“This he-ah is the Cat’s Ass!” Kevin says with a grin as he swings the door open, silhouetted by the bright light outside. “Stahht pulling up the oth-ah lines.”
Dutifully, we start wrapping up the ten lines that are dangling down in the water below, and Kevin grabs his drill and screws a board into the wall of our hut. Attached to the board were six spools of fishing line, each connected to a small metal tip. He baited the hook and showed us the correct depth to drop the line. “Now, keep yah eyes on em, and give em a tug right like this if you see the tip move.” He added a few words of encouragement before heading to the next hut.
Just minutes later, I watched the tip dance up and down, and I gave it a hard tug to set the hook before pulling the line up. There was a flash of silver as the diminutive fish darted left and right before breaking the surface. The first smelt of the day!
After catching that smelt, and dispatching it in the “traditional way” according to Kevin— biting its head off— I head outside to put the smelt in the cooler. There was a veritable shack city out on the ice of the Kennebec River at Jim Worthing’s Smelt Camp. Each hut had several benches, two ice fishing holes, and a little wood stove that could seriously heat the space.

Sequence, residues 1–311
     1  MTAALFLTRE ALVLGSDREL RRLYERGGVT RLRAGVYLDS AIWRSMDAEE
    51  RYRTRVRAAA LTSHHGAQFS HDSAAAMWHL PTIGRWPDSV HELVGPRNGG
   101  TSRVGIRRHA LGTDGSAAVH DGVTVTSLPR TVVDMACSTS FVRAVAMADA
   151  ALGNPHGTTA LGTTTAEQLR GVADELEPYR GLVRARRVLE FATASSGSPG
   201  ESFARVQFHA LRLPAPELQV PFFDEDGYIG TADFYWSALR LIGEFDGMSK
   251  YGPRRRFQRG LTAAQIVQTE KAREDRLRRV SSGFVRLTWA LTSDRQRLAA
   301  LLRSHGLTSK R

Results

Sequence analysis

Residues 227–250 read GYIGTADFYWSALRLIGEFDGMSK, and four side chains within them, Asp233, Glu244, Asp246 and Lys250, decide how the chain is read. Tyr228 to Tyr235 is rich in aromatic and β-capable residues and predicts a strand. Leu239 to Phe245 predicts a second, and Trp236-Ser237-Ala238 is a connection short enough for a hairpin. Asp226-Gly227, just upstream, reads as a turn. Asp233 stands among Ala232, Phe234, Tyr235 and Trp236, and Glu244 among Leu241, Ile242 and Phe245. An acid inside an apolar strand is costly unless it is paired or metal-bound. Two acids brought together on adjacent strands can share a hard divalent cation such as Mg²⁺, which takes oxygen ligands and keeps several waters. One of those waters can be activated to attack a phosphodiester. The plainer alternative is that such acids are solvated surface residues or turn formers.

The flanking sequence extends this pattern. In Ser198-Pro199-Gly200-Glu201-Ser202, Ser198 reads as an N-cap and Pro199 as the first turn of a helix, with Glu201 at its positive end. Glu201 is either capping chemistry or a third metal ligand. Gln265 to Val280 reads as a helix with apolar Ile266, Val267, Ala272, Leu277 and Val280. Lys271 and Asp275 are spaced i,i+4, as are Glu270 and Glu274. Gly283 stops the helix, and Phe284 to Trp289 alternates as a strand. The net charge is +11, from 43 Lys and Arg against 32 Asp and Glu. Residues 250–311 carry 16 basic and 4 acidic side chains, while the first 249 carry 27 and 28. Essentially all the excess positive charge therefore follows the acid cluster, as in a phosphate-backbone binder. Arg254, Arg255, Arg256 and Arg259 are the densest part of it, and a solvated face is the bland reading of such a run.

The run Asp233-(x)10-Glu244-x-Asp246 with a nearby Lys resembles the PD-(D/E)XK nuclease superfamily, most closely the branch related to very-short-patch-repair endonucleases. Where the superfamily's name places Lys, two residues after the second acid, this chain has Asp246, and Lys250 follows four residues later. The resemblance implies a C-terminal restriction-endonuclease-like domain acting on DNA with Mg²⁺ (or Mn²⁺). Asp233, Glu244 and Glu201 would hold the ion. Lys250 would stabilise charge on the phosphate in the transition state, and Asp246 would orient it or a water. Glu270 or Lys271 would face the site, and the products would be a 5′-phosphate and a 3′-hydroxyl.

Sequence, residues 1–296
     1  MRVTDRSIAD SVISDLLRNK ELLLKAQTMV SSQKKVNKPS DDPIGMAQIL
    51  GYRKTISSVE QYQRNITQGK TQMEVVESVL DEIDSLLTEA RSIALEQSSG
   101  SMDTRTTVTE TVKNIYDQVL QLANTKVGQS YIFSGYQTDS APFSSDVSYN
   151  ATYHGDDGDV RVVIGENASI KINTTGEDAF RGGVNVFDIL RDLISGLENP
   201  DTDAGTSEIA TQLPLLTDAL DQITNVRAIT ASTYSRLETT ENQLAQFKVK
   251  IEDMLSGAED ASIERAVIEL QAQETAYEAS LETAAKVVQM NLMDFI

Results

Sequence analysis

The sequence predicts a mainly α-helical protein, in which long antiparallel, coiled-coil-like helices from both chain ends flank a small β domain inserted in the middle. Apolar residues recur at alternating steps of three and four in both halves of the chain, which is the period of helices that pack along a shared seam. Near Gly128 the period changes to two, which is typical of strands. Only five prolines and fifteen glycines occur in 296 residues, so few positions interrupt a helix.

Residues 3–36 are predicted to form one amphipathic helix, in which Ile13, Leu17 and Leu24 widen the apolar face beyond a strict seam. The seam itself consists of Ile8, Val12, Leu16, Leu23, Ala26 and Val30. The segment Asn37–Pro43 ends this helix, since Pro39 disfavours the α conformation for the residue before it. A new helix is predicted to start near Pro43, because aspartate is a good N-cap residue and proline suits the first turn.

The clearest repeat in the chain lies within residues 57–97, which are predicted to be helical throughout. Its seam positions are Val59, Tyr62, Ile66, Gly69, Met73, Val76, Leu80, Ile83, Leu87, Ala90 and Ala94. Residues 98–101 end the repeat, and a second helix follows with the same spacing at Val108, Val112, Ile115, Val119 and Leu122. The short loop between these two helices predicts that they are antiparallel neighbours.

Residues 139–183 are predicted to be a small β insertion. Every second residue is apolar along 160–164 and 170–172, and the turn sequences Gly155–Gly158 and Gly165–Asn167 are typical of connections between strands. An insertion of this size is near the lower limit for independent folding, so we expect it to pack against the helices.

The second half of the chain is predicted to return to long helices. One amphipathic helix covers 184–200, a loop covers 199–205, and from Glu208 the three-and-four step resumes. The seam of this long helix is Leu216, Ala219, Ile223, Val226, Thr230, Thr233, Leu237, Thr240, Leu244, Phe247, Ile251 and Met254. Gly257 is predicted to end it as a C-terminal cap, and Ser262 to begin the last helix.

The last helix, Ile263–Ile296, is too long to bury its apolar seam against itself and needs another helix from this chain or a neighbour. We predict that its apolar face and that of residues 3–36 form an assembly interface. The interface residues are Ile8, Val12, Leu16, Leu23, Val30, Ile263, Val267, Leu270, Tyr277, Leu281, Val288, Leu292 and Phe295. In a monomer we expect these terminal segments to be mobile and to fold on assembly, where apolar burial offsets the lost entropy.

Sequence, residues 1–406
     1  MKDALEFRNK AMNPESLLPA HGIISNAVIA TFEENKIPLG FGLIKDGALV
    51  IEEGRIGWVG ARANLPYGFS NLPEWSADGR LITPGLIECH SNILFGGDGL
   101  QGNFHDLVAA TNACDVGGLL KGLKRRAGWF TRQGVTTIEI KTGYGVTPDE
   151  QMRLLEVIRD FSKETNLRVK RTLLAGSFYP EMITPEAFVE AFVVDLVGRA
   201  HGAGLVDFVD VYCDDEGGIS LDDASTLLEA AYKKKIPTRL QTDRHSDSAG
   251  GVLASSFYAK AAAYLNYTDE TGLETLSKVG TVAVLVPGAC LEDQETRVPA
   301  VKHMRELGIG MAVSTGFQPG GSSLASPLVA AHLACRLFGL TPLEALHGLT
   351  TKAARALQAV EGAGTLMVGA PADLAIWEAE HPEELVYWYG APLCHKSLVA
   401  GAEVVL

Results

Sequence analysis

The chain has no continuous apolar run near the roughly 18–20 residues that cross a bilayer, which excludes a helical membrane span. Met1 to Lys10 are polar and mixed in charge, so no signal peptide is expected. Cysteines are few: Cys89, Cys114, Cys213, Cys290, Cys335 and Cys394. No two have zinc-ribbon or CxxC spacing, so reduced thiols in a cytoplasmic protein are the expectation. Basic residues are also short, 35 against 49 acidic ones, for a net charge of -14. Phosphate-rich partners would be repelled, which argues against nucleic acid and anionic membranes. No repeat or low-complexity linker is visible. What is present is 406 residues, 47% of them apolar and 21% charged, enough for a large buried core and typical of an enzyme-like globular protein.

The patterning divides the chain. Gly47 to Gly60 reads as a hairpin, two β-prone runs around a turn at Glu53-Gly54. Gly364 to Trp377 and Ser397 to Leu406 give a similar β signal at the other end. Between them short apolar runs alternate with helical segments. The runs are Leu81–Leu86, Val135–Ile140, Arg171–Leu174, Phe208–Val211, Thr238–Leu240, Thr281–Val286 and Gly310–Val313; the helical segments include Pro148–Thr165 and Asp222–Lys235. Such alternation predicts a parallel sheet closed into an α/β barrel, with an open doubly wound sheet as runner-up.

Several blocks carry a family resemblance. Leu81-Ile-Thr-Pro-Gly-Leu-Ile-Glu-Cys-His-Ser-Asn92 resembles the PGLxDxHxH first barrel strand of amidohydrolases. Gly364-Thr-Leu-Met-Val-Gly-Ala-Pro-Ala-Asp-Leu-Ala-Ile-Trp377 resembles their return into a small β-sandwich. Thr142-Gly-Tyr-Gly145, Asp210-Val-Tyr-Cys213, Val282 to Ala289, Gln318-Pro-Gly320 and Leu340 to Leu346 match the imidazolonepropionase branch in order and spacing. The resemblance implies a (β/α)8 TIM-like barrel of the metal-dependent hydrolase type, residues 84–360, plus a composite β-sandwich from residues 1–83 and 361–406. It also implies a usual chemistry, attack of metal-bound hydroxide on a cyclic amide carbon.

We are here with Big Tree Hospitality and Allagash Brewing, and together we fill several of the small huts. Outside, the amazing chefs from Eventide man the grills, creating concoctions to feed the hungry fisher-people—my personal favorite are the grilled oysters, just the right amount of salty, smokey, and sweet. Allagash also brought along their two newest canned beers, and I try each, the classic Allagash White, canned for the first time, and a new beer, River Trip, a hoppy Belgian ale.
The afternoon is spent mingling, eating, chatting, and occasionally fishing. All told, ten smelt are caught by the end of the day; certainly not an impressive haul given the number of lines in the water, but honestly that isn’t important to us. Instead, it was an amazing day spent with friends, old and new, partaking in a traditional Maine activity. I can tell already this will become an annual tradition!